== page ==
One would think, with such a wretched crew as traveling companions, that the Baudelaire siblings would have found some other way to travel rather than sneaking into the trunk, but the three children had been fleeing from circumstances even more frightening and dangerous than Olaf and his assistants and there had been no time to be choosy. But as their journey wore on, Violet, Klaus, and Sunny grew more and more worried about their situation. The sunlight coming in through the bullet holes faded to evening, and the road beneath them turned bumpy and rough, and the Baudelaire orphans tried to imagine where it was they were going and what would happen when they got there.

Text copyright 2002 by Lemony Snicket. Illustrations copyright 2002 by Brett Helquist. All rights reserved. Not to be used or reproduced in any matter whatsoever without written permission.

Membership Advantages
  • Reviews
  • "Beyond the Book" articles
  • Free books to read and review (US only)
  • Find books by time period, setting & theme
  • Read-alike suggestions by book and author
  • Book club discussions
  • and much more!
  • Just $45 for 12 months or $15 for 3 months.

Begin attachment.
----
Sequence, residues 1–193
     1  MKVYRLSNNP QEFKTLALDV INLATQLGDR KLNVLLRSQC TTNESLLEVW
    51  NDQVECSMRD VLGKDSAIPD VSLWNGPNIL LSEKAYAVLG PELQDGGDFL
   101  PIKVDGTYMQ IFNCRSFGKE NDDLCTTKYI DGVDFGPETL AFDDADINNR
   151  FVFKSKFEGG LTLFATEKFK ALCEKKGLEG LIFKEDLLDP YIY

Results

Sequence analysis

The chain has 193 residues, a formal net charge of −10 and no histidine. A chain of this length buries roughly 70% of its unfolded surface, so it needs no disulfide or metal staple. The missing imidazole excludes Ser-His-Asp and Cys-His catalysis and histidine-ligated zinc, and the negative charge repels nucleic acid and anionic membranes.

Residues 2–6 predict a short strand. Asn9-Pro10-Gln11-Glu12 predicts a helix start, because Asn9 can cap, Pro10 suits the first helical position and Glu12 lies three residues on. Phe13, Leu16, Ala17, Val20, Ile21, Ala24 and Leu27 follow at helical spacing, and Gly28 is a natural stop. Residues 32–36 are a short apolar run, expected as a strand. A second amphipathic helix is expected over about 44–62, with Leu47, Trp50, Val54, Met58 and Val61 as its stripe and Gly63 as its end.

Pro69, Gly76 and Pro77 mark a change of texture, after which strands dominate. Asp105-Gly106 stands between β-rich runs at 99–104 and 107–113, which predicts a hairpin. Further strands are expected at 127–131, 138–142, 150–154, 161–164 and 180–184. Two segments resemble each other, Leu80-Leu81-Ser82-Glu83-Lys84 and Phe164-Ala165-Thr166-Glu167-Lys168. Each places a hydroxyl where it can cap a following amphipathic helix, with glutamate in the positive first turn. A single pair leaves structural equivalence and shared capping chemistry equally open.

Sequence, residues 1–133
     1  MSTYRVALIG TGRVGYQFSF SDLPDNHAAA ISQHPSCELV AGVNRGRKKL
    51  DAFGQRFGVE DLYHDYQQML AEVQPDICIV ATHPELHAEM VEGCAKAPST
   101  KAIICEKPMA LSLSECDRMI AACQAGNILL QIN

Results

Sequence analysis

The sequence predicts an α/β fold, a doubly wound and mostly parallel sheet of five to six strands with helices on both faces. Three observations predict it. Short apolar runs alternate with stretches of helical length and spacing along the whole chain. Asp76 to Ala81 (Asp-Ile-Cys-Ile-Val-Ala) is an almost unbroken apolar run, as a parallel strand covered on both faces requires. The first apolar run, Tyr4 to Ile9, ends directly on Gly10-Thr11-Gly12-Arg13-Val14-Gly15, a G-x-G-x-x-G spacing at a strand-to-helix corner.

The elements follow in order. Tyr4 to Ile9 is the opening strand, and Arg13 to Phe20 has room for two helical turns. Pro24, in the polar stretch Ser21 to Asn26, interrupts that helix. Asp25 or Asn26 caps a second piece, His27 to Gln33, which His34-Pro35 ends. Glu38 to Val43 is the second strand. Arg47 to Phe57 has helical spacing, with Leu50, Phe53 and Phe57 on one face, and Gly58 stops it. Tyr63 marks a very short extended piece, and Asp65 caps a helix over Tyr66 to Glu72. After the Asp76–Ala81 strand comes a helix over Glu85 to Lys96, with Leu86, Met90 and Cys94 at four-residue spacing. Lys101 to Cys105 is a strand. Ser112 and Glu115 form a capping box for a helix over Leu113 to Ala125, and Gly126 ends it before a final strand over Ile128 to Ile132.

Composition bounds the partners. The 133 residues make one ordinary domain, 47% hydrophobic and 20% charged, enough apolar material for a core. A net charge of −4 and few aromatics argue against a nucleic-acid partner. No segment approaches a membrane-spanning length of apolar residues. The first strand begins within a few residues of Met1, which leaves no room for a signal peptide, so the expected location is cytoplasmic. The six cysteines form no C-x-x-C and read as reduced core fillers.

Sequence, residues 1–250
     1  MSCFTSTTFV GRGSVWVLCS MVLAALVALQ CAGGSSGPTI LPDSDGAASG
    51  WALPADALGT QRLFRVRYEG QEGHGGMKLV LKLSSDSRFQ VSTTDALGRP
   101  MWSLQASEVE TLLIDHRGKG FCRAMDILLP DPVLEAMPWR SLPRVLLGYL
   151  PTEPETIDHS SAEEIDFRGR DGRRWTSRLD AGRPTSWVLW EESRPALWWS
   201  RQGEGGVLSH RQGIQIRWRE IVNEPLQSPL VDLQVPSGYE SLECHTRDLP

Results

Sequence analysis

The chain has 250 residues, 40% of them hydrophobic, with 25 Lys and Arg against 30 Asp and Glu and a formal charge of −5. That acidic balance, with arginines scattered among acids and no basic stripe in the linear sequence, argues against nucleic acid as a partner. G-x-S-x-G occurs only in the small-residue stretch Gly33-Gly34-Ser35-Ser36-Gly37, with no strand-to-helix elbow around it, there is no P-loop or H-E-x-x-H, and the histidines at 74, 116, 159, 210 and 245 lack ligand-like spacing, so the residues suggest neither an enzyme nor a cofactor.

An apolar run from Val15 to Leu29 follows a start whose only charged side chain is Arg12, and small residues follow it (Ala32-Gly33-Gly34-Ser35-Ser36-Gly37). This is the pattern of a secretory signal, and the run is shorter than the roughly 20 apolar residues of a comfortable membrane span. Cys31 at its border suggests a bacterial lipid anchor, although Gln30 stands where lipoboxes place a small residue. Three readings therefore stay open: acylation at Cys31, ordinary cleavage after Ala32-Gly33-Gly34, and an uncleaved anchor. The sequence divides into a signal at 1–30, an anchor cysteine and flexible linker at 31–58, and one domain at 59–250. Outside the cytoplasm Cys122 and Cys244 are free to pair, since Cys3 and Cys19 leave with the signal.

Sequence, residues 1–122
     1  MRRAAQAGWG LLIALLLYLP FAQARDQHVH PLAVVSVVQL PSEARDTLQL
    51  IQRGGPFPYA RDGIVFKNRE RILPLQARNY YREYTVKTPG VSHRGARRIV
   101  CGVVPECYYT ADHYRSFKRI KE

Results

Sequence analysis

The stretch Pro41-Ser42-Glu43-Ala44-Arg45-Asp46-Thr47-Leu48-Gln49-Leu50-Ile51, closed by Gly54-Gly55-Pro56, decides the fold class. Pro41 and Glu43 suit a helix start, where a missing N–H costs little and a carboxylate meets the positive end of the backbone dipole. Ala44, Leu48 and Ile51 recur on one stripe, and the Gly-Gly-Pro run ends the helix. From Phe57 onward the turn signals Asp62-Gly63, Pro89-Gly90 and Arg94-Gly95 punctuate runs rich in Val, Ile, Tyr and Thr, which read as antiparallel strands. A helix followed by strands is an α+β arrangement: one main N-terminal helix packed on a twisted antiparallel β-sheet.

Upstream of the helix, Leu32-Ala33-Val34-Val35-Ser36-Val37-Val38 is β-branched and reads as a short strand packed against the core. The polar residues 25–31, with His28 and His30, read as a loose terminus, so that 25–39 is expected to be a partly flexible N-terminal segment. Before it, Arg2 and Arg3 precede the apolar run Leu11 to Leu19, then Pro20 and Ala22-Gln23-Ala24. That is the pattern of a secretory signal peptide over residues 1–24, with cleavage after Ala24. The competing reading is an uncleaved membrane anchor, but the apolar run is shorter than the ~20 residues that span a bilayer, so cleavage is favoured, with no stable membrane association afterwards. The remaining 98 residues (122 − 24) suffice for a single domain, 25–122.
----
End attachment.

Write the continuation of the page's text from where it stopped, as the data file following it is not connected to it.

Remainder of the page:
• More about membership!

Support BookBrowse

Join our inner reading circle, go ad-free and get way more!

Find out more


Top Picks

  • Book Jacket: Big Time
    Big Time
    by Ben H. Winters
    Big Time, the latest offering from prolific novelist and screenwriter Ben H. Winters, is as ...
  • Book Jacket: Becoming Madam Secretary
    Becoming Madam Secretary
    by Stephanie Dray
    Our First Impressions reviewers enjoyed reading about Frances Perkins, Franklin Delano Roosevelt's ...
  • Book Jacket: The Last Bloodcarver
    The Last Bloodcarver
    by Vanessa Le
    The city-state of Theumas is a gleaming metropolis of advanced technology and innovation where the ...
  • Book Jacket: Say Hello to My Little Friend
    Say Hello to My Little Friend
    by Jennine CapĂł Crucet
    Twenty-year-old Ismael Reyes is making a living in Miami as an impersonator of the rapper/singer ...

BookBrowse Book Club

Book Jacket
A Great Country
by Shilpi Somaya Gowda
A novel exploring the ties and fractures of a close-knit Indian-American family in the aftermath of a violent encounter with the police.

Members Recommend

  • Book Jacket

    The House on Biscayne Bay
    by Chanel Cleeton

    As death stalks a gothic mansion in Miami, the lives of two women intertwine as the past and present collide.

  • Book Jacket

    The Stone Home
    by Crystal Hana Kim

    A moving family drama and coming-of-age story revealing a dark corner of South Korean history.

Win This Book
Win The Funeral Cryer

The Funeral Cryer by Wenyan Lu

Debut novelist Wenyan Lu brings us this witty yet profound story about one woman's midlife reawakening in contemporary rural China.

Enter

Wordplay

Solve this clue:

M as A H

and be entered to win..

Your guide toexceptional          books

BookBrowse seeks out and recommends the best in contemporary fiction and nonfiction—books that not only engage and entertain but also deepen our understanding of ourselves and the world around us.